Cortina, Italy This winter we’ve been lucky enough to have a lot of visitors.
We love showing our friends and families around our town, introducing them to our Italian friends and feeding them homemade pasta. We love to teach them about Aperol Spritzes, the typical Venetian drink, and show them the proper way to dry fresh pasta before lowering it into a pot of bubbling water.
Having visitors also reminds us of all the Italian things we take for granted now and don’t think twice about.
Last week, my parents were in Cortina. We went to a wine bar for a drink before dinner one night and no one waited on us for approximately 20 minutes. I didn’t think anything of it until I realized that my mother was nervously scanning the room looking for a waiter.
The drinks were finally ordered, and when we were finished with them, my dad waited for the check to come so that he could pay and we could leave. In Italy, no one will bring you the check unless you ask for it; we could have sat there all night chatting and no one would have come over to our table. Here, you usually get up and go to the register to pay.
And then there’s the issue of tipping. During the week my parents were visiting, my dad paid all of his bills, leaving a wake of extra euro behind, much to the surprise of every waitress we encountered.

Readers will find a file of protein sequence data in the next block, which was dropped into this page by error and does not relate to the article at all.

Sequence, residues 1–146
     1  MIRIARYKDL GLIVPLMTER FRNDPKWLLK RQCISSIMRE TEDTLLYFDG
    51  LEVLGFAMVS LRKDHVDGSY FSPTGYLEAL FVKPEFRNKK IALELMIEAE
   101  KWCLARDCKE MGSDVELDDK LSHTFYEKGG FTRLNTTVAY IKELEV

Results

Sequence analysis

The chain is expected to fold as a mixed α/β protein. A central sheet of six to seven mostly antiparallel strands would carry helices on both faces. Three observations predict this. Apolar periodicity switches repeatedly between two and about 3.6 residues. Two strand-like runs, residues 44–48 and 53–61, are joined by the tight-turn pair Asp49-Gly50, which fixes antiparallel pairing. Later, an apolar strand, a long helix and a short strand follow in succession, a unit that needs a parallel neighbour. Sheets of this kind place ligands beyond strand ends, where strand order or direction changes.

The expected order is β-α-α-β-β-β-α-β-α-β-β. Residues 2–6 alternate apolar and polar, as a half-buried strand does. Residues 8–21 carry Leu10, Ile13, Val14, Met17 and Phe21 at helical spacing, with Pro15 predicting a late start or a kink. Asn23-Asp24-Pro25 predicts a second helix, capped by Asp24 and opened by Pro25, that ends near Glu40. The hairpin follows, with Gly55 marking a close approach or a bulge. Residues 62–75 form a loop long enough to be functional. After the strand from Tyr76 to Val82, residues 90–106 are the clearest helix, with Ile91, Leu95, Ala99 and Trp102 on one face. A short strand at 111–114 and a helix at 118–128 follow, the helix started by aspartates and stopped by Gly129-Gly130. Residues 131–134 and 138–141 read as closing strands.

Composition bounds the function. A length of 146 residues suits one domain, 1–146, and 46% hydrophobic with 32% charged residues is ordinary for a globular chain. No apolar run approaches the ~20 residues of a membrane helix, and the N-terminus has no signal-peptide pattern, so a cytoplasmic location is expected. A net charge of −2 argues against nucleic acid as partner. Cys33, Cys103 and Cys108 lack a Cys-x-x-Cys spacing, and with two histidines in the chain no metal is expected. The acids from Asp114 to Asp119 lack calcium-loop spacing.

“You don’t need to tip,” I kept telling him. He looked at me like I was crazy.
“But then how do you get rid of all this heavy change in your pocket?” he asked.
One day we went for lunch at a rifugio (an Italian chalet) on one of the ski mountains. When we sat down, the waitress brought out a few platters of various meats and cheeses.
“Did we order this?” my mother asked, surveying the scene. No – just another perk of Italy – they love to feed you.
Another morning, we went grocery shopping and then stopped at a café for a coffee before walking home. After finishing our macchiatos, my father noticed that a few of the men at the bar were drinking beer, and he wanted to stay and have one.
“But we haven’t had lunch yet,” my mother cried.
“But it’s midday, and those guys are doing it,” my father replied.
So we sat for a bit longer and had a few beers.
Having visitors always reminds me of what Italy looks like from the outside, which is something that I can’t always see anymore. In our day-to-day lives, we can get bogged down with how long everything takes from the grocery shopping to the laundry; we’re focused on hockey practices, deadlines and exactly how long it takes to make homemade pasta from start to finish.
But when I look at life in Italy through my parent’s eyes, I remember just how delicious the homemade pasta tastes once it’s finished and how much fun it is to stop for a quick coffee before heading home to make another meal.
I remember that it’s fun to sit and chat and have a beer and not worry about your schedule for a while, which is something that Italians do so well.
Sophie Dingle is a freelance writer living in Cortina, Italy, where her husband and Steamboat native, Ryan, plays professional ice hockey. While in Italy, she loves to eat, cook, explore and drink red wine. You can follow her adventures online at www.sophiedingle.blogspot.com.